Nuclear Pond is used to leverage Nuclei in the cloud with unremarkable speed, flexibility, and perform internet wide scans for far less than a cup of coffee.
It leverages AWS Lambda as a backend to invoke Nuclei scans in parallel, choice of storing json findings in s3 to query with AWS Athena, and is easily one of the cheapest ways you can execute scans in the cloud.
- Output results to your terminal, json, or to S3
- Specify threads and parallel invocations in any desired number of batches
- Specify any Nuclei arguments just like you would locally
- Specify a single host or from a file
- Run the http server to take scans from the API
- Run the http server to get status of the scans
- Query findings through Athena for searching S3
- Specify a custom nuclei and reporting configurations
Think of Nuclear Pond as just a way for you to run Nuclei in the cloud. You can use it just as you would on your local machine but run them in parallel and with however many hosts you want to specify. All you need to think of is the nuclei command line flags you wish to pass to it.
Setup & Installation
To install Nuclear Pond, you need to configure the backend terraform module. You can do this by running
terraform apply or by leveraging terragrunt.
$ go install github.com/DevSecOpsDocs/[email protected]
You can either pass in your backend with flags or through environment variables. You can use
--function-name to specify your Lambda function and
--region to the specified region. Below are environment variables you can use.
AWS_LAMBDA_FUNCTION_NAMEis the name of your lambda function to execute the scans on
AWS_REGIONis the region your resources are deployed
NUCLEARPOND_API_KEYis the API key for authenticating to the API
AWS_DYNAMODB_TABLEis the dynamodb table to store API scan states
Command line flags
Below are some of the flags you can specify when running
nuclearpond. The primary flags you need are
-l for your target(s),
-a for the nuclei args, and
-o to specify your output. When specifying Nuclei args you must pass them in as base64 encoded strings by performing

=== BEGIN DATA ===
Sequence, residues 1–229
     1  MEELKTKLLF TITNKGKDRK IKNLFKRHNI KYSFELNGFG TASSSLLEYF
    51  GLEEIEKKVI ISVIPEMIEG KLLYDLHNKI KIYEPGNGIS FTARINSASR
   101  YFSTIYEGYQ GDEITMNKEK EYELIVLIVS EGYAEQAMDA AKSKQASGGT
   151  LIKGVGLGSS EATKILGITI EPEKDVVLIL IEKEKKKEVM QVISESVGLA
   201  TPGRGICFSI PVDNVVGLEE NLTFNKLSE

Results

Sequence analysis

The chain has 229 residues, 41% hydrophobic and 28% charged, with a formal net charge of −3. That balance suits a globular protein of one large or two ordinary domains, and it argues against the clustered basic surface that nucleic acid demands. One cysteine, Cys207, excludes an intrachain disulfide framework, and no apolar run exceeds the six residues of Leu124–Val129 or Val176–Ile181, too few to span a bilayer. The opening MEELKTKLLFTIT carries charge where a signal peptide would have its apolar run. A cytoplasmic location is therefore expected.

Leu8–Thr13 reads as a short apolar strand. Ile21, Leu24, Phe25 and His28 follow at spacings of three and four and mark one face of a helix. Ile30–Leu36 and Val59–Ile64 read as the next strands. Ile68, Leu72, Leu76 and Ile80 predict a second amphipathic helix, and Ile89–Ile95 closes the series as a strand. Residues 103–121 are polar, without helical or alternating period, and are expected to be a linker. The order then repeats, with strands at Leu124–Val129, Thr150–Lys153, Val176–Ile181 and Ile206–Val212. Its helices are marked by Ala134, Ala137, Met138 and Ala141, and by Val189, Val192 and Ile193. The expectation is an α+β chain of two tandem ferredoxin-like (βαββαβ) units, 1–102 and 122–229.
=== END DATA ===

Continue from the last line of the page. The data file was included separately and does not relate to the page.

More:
-a $(echo -ne "-t dns" | base64).
Below are the subcommands you can execute within nuclearpond.
- run: Execute nuclei scans
- service: Basic API to execute nuclei scans
To run nuclearpond subcommand
nuclearpond run -t devsecopsdocs.com -r us-east-1 -f jwalker-nuclei-runner-function -a $(echo -ne "-t dns" | base64) -o cmd -b 1 in which the target is
devsecopsdocs.com, region is
us-east-1, lambda function name is
jwalker-nuclei-runner-function, nuclei arguments are
-t dns, output is
cmd, and executes one function through a batch of one host through
$ nuclearpond run -hExecutes nuclei tasks in parallel by invoking lambda asynchronouslyUsage: nuclearpond run [flags]Flags: -a, --args string nuclei arguments as base64 encoded string -b, --batch-size int batch size for number of targets per execution (default 1) -f, --function-name string AWS Lambda function name -h, --help help for run -o, --output string output type to save nuclei results(s3, cmd, or json) (default "cmd") -r, --region string AWS region to run nuclei -s, --silent silent command line output -t, --target string individual target to specify -l, --targets string list of targets in a file -c, --threads int number of threads to run lambda funct ions, default is 1 which will be slow (default 1)
The terraform module by default downloads the templates on execution as well as adds the templates as a layer. The variables to download templates use the terraform github provider to download the release zip. The folder name within the zip will be located within
/opt. Since Nuclei downloads them on run we do not have to but to improve performance you can specify
-t /opt/nuclei-templates-9.3.4/dns to execute templates from the downloaded zip. To specify your own templates you must reference a release. When doing so on your own repository you must specify these variables in the terraf orm module,
github_token is not required if your repository is public.
If you have specified
s3 as the output, your findings will be located in S3. The fastest way to get at them is to do so with Athena. Assuming you setup the terraform-module as your backend, all you need to do is query them directly through athena. You may have to configure query results if you have not done so already.
select *from nuclei_db.findings_dblimit 10;
In order to get down into queries a little deeper, I thought I would give you a quick example. In the select statement we drill down into
"matched-at" column must be in double quotes due to
- character, and you are searching only for high and critical findings generated by Nuclei.
SELECT info.name, host, type, info.severity, "matched-at", info.description, template, dtFROM "nuclei_db"."findings_db"where host like '%devsecopsdocs.com' and info.severity in ('high','critical')
The backend infrastructure, all within terraform module. I would strongly recommend reading the readme associated to it as it will have some important notes.
- Lambda function
- S3 bucket
- Stores nuclei binary
- Stores configuration files
- Stores findings
- Glue Database and Table
- Allows you to query the findings in S3
- Partitioned by the hour
- Partition projection
- IAM Role for Lambda Function